Monday, May 31, 2010
Work has always been important to me. Here I am at age three, helping my mother and grandmother do dishes. We are also packing provisions for a road trip. See slices of white bread already mayonaisse-d, on wax paper? My dad's parents lived in Atlanta and my parents, sister and I had driven to visit them from Oak Ridge, Tennessee. That trip, and the one to my mother's folks in Chicago were the only vacations my parents indulged in for years. We never stopped along the way, to "squander money" at roadside restaurants. My mother packed whatever we needed in a cooler. If we were making good time, we'd stop at a rest area where my mother would shake out a freshly ironed floral cloth to cover a picnic table. More often, we'd make do with meals in the barreling car, even though this inevitably meant one of us kids would get carsick, which my engineer father considered a small price to pay for making good time.
I'm struck by how dressed up my mom and grandma are to do housework. Perhaps it was a Sunday and we'd been to church that morning. But I recall my mother looking well groomed just about every day, even when there were eight of us kids to take care of. I get tired just thinking about how much work that must have been: finding stockings that matched (no pantyhose then), making sure seams were straight, pulling on heavy foundations, ironing dresses, even aprons. (Not much was dry cleaned. My mother ironed even my father's shirts.)
Dress-wise, my mother had a lot in common with Betty Draper which I guess is one reason I chose to play that character on Twitter. But the resemblance stopped at appearance, luckily for me and my siblings. (Although I do recall hearing that "Only boring people are bored.") She liked to keep up with fashions, but didn't want to shell out for department store prices. She sewed her own clothes and ours. She took us on shopping trips in which we wouldn't buy anything; they were scouting trips for latest trends. I recall a few bouts of embarrassment when she'd pull out a tape measure and surreptitiously place it against outfits on mannequins. But I was always pleased to put on a perfectly fitted new dress with smart buttons and stylish collar. She still dresses well, though she doesn't sew anymore. She keeps a figure that can fit into petites at Talbots.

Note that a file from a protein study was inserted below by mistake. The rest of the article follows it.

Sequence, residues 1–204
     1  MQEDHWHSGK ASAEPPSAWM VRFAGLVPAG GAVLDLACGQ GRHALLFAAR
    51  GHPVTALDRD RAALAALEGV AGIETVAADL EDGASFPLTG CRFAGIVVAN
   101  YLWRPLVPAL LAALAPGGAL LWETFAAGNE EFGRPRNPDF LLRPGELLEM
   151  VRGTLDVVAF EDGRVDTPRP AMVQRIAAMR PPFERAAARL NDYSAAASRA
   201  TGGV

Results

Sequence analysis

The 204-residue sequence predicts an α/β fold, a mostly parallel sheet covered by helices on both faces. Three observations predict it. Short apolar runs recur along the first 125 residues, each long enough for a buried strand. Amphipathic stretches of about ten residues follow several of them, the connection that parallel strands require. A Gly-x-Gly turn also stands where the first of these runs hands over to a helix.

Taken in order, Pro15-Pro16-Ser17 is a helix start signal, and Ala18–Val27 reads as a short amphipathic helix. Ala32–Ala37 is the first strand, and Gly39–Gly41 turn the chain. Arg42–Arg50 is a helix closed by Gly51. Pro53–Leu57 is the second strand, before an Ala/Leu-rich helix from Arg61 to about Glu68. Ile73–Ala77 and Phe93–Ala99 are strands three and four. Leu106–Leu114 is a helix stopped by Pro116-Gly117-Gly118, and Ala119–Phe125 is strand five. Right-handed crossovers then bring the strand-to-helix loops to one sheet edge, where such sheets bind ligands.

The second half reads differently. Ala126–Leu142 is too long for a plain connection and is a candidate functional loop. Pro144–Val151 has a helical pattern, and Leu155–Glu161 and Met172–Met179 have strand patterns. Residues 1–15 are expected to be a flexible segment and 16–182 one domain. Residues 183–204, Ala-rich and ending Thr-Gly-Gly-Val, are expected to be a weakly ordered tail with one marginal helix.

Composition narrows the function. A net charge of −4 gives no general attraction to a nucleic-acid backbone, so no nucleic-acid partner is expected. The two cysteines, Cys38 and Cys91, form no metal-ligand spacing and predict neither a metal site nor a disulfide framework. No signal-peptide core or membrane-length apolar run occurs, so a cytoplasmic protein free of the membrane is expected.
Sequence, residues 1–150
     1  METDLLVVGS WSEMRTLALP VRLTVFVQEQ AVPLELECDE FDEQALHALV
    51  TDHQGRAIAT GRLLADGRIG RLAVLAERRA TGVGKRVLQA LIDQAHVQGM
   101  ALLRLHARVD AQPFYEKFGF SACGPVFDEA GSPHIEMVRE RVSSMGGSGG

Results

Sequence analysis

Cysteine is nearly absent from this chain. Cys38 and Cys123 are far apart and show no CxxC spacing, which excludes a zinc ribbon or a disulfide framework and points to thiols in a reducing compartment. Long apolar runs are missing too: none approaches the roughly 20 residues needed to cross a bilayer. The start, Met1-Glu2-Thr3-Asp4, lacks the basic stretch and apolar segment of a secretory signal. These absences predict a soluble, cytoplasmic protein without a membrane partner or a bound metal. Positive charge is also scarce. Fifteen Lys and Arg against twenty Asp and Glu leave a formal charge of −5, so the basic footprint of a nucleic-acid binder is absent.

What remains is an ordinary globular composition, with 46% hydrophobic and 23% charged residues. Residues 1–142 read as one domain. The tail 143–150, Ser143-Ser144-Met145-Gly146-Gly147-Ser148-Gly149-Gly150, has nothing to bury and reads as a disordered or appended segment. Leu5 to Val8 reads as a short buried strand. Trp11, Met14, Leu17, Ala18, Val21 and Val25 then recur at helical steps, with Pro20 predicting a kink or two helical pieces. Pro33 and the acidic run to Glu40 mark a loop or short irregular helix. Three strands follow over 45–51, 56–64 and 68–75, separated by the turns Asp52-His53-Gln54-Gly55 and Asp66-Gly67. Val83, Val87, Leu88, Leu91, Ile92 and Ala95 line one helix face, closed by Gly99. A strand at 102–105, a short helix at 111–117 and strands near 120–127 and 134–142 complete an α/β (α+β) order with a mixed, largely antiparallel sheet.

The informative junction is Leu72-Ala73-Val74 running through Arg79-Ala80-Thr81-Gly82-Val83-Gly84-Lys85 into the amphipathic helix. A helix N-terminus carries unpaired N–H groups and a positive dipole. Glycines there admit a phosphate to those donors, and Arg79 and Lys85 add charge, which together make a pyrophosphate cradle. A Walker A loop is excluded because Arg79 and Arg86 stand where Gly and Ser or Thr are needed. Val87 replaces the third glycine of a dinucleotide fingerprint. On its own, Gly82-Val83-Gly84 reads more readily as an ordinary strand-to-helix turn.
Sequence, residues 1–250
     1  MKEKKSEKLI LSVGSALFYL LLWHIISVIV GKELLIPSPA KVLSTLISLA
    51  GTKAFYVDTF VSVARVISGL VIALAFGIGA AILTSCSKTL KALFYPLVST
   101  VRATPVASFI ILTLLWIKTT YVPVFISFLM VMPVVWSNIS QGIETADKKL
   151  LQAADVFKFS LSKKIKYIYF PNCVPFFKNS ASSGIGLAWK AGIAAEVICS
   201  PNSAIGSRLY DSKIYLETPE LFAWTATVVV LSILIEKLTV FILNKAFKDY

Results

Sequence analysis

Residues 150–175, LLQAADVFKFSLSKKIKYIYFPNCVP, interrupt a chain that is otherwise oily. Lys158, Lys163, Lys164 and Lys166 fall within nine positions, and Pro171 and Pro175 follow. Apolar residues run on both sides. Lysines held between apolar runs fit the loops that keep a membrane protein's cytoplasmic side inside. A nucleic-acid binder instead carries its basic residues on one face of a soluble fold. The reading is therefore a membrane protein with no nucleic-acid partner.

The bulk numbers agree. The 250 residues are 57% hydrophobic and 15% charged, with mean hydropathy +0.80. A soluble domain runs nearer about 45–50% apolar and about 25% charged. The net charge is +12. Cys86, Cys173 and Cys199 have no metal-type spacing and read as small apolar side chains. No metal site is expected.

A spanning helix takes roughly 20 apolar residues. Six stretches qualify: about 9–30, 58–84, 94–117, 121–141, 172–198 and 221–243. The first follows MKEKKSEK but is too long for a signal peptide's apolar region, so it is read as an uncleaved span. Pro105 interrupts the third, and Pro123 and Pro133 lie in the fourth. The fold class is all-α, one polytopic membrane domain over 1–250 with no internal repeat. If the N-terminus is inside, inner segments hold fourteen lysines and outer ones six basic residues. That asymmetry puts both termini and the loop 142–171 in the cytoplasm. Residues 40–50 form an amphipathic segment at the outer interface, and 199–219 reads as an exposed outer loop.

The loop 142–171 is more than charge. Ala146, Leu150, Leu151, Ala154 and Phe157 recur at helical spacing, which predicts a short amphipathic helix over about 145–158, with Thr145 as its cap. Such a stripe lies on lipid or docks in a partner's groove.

Unlike Betty, my mother enjoyed being a stay at home mom. She'd gone to Chicago Teacher's College because she liked working with children. But she was always encouraging of my sisters and me to pursue passions that would lead to other kinds of work, too.
My mother and many of her generation wouldn't call themselves feminists. But their quiet work and steady support gave their daughters confidence to claim a stake in the workplace. And paved the way for their granddaughters to consider that stake an inalienable right. This Memorial Day, I'd like to acknowledge them.